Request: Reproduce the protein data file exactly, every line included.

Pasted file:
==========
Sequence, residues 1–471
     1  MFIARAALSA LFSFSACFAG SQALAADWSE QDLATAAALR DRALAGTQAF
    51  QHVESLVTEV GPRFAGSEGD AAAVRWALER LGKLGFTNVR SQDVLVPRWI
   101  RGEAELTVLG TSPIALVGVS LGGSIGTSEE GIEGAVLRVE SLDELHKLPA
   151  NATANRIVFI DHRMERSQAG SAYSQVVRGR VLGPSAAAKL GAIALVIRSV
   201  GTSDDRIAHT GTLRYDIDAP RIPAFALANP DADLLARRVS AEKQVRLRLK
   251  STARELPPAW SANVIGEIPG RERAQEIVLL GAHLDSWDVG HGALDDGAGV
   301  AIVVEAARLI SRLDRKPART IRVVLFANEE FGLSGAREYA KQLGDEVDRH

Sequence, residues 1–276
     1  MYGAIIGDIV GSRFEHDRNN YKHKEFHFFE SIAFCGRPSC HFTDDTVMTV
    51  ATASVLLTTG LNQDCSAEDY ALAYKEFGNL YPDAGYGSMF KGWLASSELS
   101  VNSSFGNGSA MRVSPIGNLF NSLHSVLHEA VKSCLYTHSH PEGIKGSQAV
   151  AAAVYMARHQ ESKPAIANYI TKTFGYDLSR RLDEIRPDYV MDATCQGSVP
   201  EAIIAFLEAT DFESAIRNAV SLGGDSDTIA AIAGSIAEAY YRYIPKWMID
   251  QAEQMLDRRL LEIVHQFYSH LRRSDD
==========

Sequence, residues 1–471
     1  MFIARAALSA LFSFSACFAG SQALAADWSE QDLATAAALR DRALAGTQAF
    51  QHVESLVTEV GPRFAGSEGD AAAVRWALER LGKLGFTNVR SQDVLVPRWI
   101  RGEAELTVLG TSPIALVGVS LGGSIGTSEE GIEGAVLRVE SLDELHKLPA
   151  NATANRIVFI DHRMERSQAG SAYSQVVRGR VLGPSAAAKL GAIALVIRSV
   201  GTSDDRIAHT GTLRYDIDAP RIPAFALANP DADLLARRVS AEKQVRLRLK
   251  STARELPPAW SANVIGEIPG RERAQEIVLL GAHLDSWDVG HGALDDGAGV
   301  AIVVEAARLI SRLDRKPART IRVVLFANEE FGLSGAREYA KQLGDEVDRH

Sequence, residues 1–276
     1  MYGAIIGDIV GSRFEHDRNN YKHKEFHFFE SIAFCGRPSC HFTDDTVMTV
    51  ATASVLLTTG LNQDCSAEDY ALAYKEFGNL YPDAGYGSMF KGWLASSELS
   101  VNSSFGNGSA MRVSPIGNLF NSLHSVLHEA VKSCLYTHSH PEGIKGSQAV
   151  AAAVYMARHQ ESKPAIANYI TKTFGYDLSR RLDEIRPDYV MDATCQGSVP
   201  EAIIAFLEAT DFESAIRNAV SLGGDSDTIA AIAGSIAEAY YRYIPKWMID
   251  QAEQMLDRRL LEIVHQFYSH LRRSDD